Media finds whistleblowers as a popular subject and has for a long time. The Enron scandal is remembered by most Americans. Many debate whether the intelligence workers like Edward Snowden or Bradley Manning might qualify as “whistleblowers”. Most are aware of the Whistleblower Protection Act of 1989 as well that gets formed into the backbone of the whistleblower protection in theUnited States. The history of the concept of a whistleblower dates further back and includes an interesting history that gives the modern law there context.
Origin of “Whistleblower”
American federal and local policies and laws integrated laws about the protection of “informants” before they had found protection for whistleblowers. Actually coining the term of whistleblower is attributed to Ralph Nader in the 1970’s. He would refer to how a referee might “blow the whistle”. He wanted to convince the population that those that are considered a “snitch” or “informer” should have a positive light shined on them.
Early Legal Precedents
Prior to the Constitution being ratified, Continental Congress put laws in place to help protect the military personnel against any unfair retaliation when reporting misconduct. 1778 brought the persecution of Marven and Shaw by a Navy commander named Esek Hopkins. Continental Congress stopped this from happening with a libel suit that got filed by Shaw against two soldiers. He declared that it was the duty of all the people in service of theUnited States, to tell the authorities when they are witness to misconduct. This case is the first whistleblower protection case in theUnited States. The Civil War brought the False Claims Act in 1863. It got enacted to limit unscrupulous suppliers from stealing government funds through extortion. The False Claims Act protects informers from being dismissed. It also promised them a piece of the recovered funds.
The protections this act gave largely served only the interests of the United States government. It protected them against fraudulent claims and other civil servants or government contractors harmful behaviors. When it came to protection in the private sector, it was non?existant. Many other fair labor regulations and policies got used though. These protections have become far more advanced in modern times. There is a complex network of laws and policies that make it hard for someone to grasp. Legal recourse should begin with a employment lawyer, who can help you to find justice.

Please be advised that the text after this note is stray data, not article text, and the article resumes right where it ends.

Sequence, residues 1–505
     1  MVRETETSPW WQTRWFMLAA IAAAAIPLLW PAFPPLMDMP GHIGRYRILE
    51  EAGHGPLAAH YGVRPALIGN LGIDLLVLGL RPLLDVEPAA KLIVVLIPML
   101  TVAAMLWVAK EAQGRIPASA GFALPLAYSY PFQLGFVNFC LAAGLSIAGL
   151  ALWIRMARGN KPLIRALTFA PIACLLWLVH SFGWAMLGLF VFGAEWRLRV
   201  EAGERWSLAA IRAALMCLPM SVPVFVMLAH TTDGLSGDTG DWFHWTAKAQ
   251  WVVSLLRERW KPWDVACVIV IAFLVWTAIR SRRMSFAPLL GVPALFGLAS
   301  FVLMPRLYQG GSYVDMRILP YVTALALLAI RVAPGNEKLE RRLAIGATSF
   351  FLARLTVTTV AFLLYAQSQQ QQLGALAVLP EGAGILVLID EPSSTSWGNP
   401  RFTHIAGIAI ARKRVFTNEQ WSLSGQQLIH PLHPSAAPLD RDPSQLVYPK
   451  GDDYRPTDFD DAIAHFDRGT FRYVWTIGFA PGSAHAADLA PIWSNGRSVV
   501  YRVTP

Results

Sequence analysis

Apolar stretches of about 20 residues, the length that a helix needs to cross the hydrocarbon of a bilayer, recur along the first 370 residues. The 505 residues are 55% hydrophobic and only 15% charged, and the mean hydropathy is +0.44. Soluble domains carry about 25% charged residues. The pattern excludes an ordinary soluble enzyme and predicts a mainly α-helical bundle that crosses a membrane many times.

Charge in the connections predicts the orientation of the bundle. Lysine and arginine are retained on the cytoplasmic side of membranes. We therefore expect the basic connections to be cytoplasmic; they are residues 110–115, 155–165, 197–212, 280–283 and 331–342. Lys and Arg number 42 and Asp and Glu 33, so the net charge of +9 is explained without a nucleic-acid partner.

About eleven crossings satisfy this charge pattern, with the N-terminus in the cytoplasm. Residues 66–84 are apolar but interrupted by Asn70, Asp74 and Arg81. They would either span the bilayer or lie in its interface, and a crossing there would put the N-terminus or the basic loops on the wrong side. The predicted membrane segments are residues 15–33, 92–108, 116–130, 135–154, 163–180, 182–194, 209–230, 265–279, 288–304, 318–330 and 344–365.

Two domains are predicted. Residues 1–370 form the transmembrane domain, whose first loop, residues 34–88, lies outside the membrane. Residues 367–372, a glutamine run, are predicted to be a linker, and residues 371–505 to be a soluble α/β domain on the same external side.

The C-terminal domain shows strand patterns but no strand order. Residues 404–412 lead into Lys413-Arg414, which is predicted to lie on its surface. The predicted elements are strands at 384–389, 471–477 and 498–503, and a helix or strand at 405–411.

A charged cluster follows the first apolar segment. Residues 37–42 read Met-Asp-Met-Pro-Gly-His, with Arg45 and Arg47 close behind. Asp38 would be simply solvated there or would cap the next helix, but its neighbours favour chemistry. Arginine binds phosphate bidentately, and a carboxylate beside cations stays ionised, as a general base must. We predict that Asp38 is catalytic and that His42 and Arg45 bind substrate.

The Whistleblower Protection Act
1989 marked the start of the modern Whistleblower Protection Act. It takes cues from parts of industry?related legislation. The Clean Water Act of 1972, Energy Reorganization Act of 1974, and Substances Control Act of 1976 all played a role in the WPAs writing. Each one of these acts has different precedents for protecting employees who get faced with personal repercussions for working to protect the safety and health of Americans and the integrity of law. The Whistleblower Protection Act of 1989 uses these principles for all federal workers. The track record of protection that this law has given is not encouraging. Most get rejected by the US Merit Systems Protection Board before making it to court.
Since passing, there have been some big additions to the Whistleblower Protection Act. The Whistleblower Protection Enhancement Act of 2012 closes many administrative loopholes and made the power of the Federal Circuit Court becomes sole arbiter of appeals. More accountability on the behalf of federal agencies to report outcomes of these cases is needed. Other reforms have also included contractors for the government, defense or space industry workers, and large corporations over the last ten years. Those affected how whistleblowers get treated. At the level of the state, there is a high variance when it comes to whistleblower protections.